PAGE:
Constitution of the Republic of Rwanda
This document is the first Constitution of the Republic of Rwanda, proclaimed in November 1962. From 1890 to 1916, Rwanda was part of German East Africa. In 1916, during World War I, it was occupied by Belgian troops from the neighboring Belgian Congo. After the war, it was joined with Burundi to become a Belgian League of Nations mandate, under the name Ruanda-Urundi. On July 1, 1962, the union of Ruanda-Urundi was dissolved and the Republic of Rwanda and the Republic of Burundi became separate, independent states. The leading political party in Rwanda was the Parti du Mouvement de l'Emancipation Hutu (Party of the Hutu Emancipation Movement), whose founder, Grégoire Kayibanda (1924-76), served as president of the country from 1962 to 1973. The Belgian colonists drafted the 1962 constitution, with limited participation from the Rwandans themselves. On paper, the constitution provided for a multi-party system and guaranteed human and political rights, but in practice it failed to prevent the spiral of ethnic and political violence that culminated in the tragic genocide of 1994, in which nearly one million Rwandans, mostly from the minority Tutsi group, were killed.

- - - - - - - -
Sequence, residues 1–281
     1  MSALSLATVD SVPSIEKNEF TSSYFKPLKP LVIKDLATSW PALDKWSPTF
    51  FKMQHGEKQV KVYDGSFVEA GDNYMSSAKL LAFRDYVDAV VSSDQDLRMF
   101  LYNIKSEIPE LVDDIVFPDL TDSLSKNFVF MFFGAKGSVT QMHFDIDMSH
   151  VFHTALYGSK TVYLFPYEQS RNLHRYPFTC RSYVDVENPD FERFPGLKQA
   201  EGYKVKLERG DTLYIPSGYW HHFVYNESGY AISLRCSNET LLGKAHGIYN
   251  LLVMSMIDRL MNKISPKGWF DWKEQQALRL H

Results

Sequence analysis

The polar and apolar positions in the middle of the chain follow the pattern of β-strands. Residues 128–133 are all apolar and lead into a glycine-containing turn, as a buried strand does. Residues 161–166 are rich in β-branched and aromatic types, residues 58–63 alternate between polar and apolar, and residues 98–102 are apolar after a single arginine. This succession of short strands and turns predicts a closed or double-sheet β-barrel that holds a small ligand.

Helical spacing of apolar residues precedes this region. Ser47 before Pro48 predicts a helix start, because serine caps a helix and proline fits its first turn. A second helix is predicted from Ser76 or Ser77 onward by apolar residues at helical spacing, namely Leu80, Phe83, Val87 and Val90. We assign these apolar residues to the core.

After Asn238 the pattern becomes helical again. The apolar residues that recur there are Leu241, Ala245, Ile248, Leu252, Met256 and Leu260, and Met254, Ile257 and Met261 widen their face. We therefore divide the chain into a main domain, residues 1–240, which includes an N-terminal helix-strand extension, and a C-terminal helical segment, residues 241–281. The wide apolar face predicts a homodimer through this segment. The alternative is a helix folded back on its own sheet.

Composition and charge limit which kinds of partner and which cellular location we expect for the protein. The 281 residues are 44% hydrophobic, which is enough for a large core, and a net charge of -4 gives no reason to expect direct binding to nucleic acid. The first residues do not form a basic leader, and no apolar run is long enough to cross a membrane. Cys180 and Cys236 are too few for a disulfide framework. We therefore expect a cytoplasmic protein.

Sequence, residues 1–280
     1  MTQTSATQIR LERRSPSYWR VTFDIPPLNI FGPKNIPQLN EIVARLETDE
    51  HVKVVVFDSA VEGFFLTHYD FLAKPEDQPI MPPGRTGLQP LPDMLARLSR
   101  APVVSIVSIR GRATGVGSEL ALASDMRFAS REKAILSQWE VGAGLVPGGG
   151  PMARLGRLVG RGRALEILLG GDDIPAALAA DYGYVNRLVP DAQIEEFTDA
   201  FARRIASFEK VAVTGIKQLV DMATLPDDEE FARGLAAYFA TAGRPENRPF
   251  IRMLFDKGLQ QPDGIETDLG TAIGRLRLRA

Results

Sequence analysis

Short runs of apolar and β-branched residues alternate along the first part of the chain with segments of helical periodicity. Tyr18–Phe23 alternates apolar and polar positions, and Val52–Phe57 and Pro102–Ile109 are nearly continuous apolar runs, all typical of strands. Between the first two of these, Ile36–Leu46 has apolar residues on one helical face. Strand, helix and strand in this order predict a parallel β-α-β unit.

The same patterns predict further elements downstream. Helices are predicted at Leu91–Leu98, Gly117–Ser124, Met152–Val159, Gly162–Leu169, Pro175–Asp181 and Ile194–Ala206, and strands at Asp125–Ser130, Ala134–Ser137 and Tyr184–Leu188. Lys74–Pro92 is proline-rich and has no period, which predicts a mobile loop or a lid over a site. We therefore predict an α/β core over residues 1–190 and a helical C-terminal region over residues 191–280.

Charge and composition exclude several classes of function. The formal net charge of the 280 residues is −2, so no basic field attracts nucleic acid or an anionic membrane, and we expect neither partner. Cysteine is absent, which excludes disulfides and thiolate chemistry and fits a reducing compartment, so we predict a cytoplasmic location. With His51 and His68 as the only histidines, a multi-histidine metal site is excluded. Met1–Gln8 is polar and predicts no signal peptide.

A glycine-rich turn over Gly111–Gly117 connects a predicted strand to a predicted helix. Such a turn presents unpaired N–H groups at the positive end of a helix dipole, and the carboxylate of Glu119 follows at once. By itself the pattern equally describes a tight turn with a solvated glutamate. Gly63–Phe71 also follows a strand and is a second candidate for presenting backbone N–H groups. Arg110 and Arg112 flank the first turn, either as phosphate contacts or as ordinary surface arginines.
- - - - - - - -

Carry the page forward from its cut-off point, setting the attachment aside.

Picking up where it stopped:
l’Imprimerie du Rwanda, Kigali, Rwanda
Title in Original Language
Constitution de la République Rwandaise
Type of Item
Last updated: September 29, 2014